Sea for Future – Champion School Programme



Posted 29 June 2016
Over the past decades, the area of land reclaimed from Hong Kong’s marine environment has grown enormously, to about 7,000 hectares. At the same time, the area set aside for marine parks and marine protected areas (MPAs) is only 2,430 hectares – a mere 1.5% of Hong Kong total marine area. Such a tiny area is not nearly sufficient to afford proper protection to our rich and fragile marine environment. Cape D’Aguilar Marine Reserve on the south side of Hong Kong Island was established in 1996. Since then, there have been no new marine areas set aside with a high enough level of protection to conserve marine species. WWF believes it is essential to establish a comprehensive MPA network and a comprehensive management plan for Hong Kong waters that will save habitats and species like Hong Kong’s Chinese white dolphins and Finless porpoises, as well as other precious marine creatures like Green turtles. These solutions are our only hope of ever seeing a vibrant marine world in Hong Kong in the future.
 
Education is a crucial part of WWF’s advocacy work. Our Sea for Future – Champion School Programme will allow teachers from 10 secondary schools to gain a better understanding of Hong Kong’s marine conservation landscape. They will also come to understand the various natural and man-made threats that our marine ecosystem faces.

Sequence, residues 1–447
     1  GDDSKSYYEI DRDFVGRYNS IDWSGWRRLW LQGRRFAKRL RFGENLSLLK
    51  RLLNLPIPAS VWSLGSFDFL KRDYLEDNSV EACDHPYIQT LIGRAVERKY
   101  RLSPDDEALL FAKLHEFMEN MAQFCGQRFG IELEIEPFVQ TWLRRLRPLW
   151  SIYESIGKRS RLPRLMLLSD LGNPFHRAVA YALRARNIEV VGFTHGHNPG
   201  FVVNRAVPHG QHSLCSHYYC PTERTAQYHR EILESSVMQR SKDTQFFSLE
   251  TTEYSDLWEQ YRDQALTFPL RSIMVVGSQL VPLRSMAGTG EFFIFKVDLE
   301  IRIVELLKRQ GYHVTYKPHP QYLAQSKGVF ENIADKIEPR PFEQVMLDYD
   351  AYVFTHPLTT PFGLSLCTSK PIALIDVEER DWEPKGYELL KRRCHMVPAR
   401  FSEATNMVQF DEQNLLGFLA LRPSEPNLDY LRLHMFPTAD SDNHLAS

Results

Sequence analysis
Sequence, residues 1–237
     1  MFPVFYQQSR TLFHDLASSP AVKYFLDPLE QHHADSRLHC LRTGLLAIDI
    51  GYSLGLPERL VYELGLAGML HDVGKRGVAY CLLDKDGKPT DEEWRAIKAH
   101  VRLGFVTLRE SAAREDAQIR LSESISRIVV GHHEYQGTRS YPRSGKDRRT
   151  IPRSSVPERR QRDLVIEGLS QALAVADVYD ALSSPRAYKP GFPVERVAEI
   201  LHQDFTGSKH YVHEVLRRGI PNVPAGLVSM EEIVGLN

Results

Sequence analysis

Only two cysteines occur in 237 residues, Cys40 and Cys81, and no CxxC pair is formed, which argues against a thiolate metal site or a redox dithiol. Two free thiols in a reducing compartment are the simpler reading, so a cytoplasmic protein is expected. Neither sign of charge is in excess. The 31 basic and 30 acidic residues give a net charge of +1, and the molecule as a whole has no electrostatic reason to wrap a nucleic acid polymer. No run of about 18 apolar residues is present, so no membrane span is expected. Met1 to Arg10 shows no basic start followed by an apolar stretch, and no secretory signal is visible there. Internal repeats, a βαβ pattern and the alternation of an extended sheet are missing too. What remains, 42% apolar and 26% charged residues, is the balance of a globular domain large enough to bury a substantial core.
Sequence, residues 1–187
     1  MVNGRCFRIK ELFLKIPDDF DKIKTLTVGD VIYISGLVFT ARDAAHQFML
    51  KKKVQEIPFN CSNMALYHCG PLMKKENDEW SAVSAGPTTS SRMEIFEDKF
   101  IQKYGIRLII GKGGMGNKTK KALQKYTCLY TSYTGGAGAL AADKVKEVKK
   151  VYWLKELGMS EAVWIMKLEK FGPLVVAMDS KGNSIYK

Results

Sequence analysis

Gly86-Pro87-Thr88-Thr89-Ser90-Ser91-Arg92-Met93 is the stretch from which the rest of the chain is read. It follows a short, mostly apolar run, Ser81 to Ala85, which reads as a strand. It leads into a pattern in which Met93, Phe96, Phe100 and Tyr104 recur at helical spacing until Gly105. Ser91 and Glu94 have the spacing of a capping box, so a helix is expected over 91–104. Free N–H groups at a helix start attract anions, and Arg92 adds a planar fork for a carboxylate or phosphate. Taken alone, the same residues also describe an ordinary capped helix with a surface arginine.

We believe that schools in Hong Kong can easily include the MPA issue in their current curriculum. In turn, this will encourage students to learn more about various conservation issues. The programme will see marine conservation act as an “entry point” into the world of conservation, and a way for students to understand the concept of sustainable development – ultimately turning words and concepts into action. School talks and field trips will help motivate students, encouraging them to spread conservation messages to their friends and families during and after the programme, raising public awareness of conservation issues. In the end, we will be able to help create and eventually experience the long-anticipated recovery of our marine ecosystem.
 
WWF’s Education team has prepared a number of related teaching materials for teachers participating in this programme. The materials pack includes a case study, discussion questions, an outdoor field study teaching flow and campus survey materials. We believe that these materials will be extremely useful to teachers as they integrate marine issues into the regular curriculum. They will “plant a seed” in the hearts of their students, helping them create a positive, long-lasting influence on marine conservation in Hong Kong.
 
Materials available for download: